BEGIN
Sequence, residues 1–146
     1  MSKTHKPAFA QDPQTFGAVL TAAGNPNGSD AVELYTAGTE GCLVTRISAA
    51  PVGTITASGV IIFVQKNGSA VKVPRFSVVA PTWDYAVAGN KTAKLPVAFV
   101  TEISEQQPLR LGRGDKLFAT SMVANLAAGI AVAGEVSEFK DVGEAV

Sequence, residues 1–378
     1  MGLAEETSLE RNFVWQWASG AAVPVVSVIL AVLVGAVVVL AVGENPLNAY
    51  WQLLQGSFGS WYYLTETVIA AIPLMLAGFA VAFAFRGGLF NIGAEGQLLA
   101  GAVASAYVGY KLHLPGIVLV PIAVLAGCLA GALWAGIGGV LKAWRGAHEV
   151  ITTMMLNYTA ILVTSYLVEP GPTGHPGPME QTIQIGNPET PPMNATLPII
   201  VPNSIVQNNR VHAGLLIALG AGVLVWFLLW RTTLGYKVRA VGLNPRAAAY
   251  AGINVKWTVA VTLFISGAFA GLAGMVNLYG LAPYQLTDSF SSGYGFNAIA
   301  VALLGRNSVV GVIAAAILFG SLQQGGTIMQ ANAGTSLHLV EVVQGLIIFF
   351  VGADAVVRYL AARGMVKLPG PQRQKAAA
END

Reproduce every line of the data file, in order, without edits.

Sequence, residues 1–146
     1  MSKTHKPAFA QDPQTFGAVL TAAGNPNGSD AVELYTAGTE GCLVTRISAA
    51  PVGTITASGV IIFVQKNGSA VKVPRFSVVA PTWDYAVAGN KTAKLPVAFV
   101  TEISEQQPLR LGRGDKLFAT SMVANLAAGI AVAGEVSEFK DVGEAV

Sequence, residues 1–378
     1  MGLAEETSLE RNFVWQWASG AAVPVVSVIL AVLVGAVVVL AVGENPLNAY
    51  WQLLQGSFGS WYYLTETVIA AIPLMLAGFA VAFAFRGGLF NIGAEGQLLA
   101  GAVASAYVGY KLHLPGIVLV PIAVLAGCLA GALWAGIGGV LKAWRGAHEV
   151  ITTMMLNYTA ILVTSYLVEP GPTGHPGPME QTIQIGNPET PPMNATLPII
   201  VPNSIVQNNR VHAGLLIALG AGVLVWFLLW RTTLGYKVRA VGLNPRAAAY
   251  AGINVKWTVA VTLFISGAFA GLAGMVNLYG LAPYQLTDSF SSGYGFNAIA
   301  VALLGRNSVV GVIAAAILFG SLQQGGTIMQ ANAGTSLHLV EVVQGLIIFF
   351  VGADAVVRYL AARGMVKLPG PQRQKAAA